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Justice Department mum about who will review 'Carnivore'
(CNN) -- Several research teams submitted bids to review the FBI's controversial e-mail surveillance system, but the federal government will not reveal their identities until it completes the selection process, the U.S. assistant attorney general said Thursday.
"We know who has applied," said Stephen Colgate. "All I can say is that we have received multiple proposals."
Colgate said the Justice Department expected to select a finalist within a week, but declined to offer more specifics.
"Until the process is completed, I can't say who has applied."
The Justice Department first approached Internet security specialists at major universities last month, requesting them to verify that the eavesdropping technology known as "Carnivore" does not violate individual civil rights.
But all of them bowed out of the running before the Wednesday deadline, citing excessively restrictive requirements that would prevent an independent review, several candidate researchers said.
However, Colgate suggested in an earlier interview with CNN.com that a non-academic team could perform the review, perhaps a software testing and validation firm.
Teams at the Massachusetts Institute of Technology, Dartmouth College, the University of Michigan, Purdue University and the University of California at San Diego declined to take part in the review.
Some university researchers suggested that they would consider sidestepping the department to perform an independent review.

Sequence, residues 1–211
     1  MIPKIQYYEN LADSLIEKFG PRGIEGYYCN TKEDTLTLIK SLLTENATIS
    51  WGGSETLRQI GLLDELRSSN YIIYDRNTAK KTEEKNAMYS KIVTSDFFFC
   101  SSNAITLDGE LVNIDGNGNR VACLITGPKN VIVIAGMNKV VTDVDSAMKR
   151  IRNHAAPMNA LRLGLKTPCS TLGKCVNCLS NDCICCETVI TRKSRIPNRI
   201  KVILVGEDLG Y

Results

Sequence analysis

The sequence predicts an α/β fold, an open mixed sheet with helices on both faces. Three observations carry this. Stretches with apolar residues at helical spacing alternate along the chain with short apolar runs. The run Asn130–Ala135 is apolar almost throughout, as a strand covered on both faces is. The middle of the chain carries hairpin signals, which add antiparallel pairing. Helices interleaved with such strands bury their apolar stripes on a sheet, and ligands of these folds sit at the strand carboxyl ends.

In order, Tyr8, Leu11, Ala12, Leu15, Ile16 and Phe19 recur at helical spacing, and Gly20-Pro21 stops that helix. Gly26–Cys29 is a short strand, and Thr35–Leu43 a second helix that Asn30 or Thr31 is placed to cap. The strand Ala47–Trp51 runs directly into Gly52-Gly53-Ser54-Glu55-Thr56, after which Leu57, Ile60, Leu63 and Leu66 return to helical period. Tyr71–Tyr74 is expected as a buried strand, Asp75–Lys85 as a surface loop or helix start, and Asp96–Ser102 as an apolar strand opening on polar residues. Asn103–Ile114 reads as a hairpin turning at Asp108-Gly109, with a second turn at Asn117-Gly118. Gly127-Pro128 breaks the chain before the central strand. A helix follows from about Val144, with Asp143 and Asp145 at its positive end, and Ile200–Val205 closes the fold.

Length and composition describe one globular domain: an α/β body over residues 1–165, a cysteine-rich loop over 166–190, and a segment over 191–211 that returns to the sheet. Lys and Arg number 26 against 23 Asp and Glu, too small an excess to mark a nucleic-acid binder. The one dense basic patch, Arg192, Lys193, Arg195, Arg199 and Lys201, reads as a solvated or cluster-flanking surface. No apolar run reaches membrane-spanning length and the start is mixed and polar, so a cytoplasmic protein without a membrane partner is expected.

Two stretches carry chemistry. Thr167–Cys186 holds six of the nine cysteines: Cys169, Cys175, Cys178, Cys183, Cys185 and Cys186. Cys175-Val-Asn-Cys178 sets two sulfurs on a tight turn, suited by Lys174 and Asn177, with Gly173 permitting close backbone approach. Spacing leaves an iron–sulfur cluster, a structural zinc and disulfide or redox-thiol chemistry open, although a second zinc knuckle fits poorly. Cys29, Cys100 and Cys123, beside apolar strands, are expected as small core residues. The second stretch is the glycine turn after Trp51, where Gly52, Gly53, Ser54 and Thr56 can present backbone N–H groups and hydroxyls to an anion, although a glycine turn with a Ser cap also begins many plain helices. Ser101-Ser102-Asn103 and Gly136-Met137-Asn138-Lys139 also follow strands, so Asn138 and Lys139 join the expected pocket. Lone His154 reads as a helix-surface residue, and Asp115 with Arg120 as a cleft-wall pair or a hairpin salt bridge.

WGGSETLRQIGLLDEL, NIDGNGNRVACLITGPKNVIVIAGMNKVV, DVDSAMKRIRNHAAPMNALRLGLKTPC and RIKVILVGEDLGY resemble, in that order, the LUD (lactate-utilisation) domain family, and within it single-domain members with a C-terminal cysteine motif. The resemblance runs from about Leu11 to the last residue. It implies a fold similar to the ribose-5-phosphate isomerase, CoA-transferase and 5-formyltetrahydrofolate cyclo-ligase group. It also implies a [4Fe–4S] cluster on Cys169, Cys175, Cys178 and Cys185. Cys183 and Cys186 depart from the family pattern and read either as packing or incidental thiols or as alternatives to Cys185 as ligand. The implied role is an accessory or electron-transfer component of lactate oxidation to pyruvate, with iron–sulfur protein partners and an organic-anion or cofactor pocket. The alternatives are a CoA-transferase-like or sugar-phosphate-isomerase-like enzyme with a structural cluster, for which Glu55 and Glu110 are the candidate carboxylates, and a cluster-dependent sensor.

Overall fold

Tom Perrine of UCSD said he hoped to gain access to the Carnivore code through another means, perhaps from a different section of the federal government.
Carnivore works as a "black box" attached to the core of ISP networks. Using court orders, the FBI controls the system from a remote location to monitor and retrieve e-mail messages of criminal suspects. It has been used in about 25 investigations in the last year, including criminal cases and "national security" cases involving counter-intelligence or counter-terrorism.
The FBI and the Justice Department maintain that strict oversight by the courts would prevent abuses of the system. The pledge has failed to assure electronic privacy activists that only legitimate uses would take place.
"I trust (Attorney General Janet) Reno, but I don't know the intent of her successors," said Jeffrey Schiller, an MIT computer security expert contacted to participate in the review. "The fact of the matter is, once it's deployed, there's no guarantee of the intent of successors. Look at J. Edgar Hoover."
Senate panel examines FBI Internet surveillance system
U.S. Department of Justice
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